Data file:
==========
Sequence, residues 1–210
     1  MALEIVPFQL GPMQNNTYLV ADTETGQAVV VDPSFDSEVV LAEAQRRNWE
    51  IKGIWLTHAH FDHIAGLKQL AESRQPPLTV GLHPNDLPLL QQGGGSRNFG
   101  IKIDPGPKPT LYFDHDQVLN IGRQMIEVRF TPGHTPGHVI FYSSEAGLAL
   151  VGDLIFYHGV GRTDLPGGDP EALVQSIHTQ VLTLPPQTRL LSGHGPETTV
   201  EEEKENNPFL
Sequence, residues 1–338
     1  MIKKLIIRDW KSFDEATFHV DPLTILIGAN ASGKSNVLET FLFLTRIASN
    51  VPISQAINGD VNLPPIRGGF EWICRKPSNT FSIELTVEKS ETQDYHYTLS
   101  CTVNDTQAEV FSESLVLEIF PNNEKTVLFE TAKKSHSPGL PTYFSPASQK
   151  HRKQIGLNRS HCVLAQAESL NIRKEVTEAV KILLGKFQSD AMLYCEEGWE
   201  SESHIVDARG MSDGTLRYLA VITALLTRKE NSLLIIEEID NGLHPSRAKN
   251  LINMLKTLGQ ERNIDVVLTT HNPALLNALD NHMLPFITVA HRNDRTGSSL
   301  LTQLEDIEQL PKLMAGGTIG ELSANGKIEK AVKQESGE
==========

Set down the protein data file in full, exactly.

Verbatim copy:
Sequence, residues 1–210
     1  MALEIVPFQL GPMQNNTYLV ADTETGQAVV VDPSFDSEVV LAEAQRRNWE
    51  IKGIWLTHAH FDHIAGLKQL AESRQPPLTV GLHPNDLPLL QQGGGSRNFG
   101  IKIDPGPKPT LYFDHDQVLN IGRQMIEVRF TPGHTPGHVI FYSSEAGLAL
   151  VGDLIFYHGV GRTDLPGGDP EALVQSIHTQ VLTLPPQTRL LSGHGPETTV
   201  EEEKENNPFL
Sequence, residues 1–338
     1  MIKKLIIRDW KSFDEATFHV DPLTILIGAN ASGKSNVLET FLFLTRIASN
    51  VPISQAINGD VNLPPIRGGF EWICRKPSNT FSIELTVEKS ETQDYHYTLS
   101  CTVNDTQAEV FSESLVLEIF PNNEKTVLFE TAKKSHSPGL PTYFSPASQK
   151  HRKQIGLNRS HCVLAQAESL NIRKEVTEAV KILLGKFQSD AMLYCEEGWE
   201  SESHIVDARG MSDGTLRYLA VITALLTRKE NSLLIIEEID NGLHPSRAKN
   251  LINMLKTLGQ ERNIDVVLTT HNPALLNALD NHMLPFITVA HRNDRTGSSL
   301  LTQLEDIEQL PKLMAGGTIG ELSANGKIEK AVKQESGE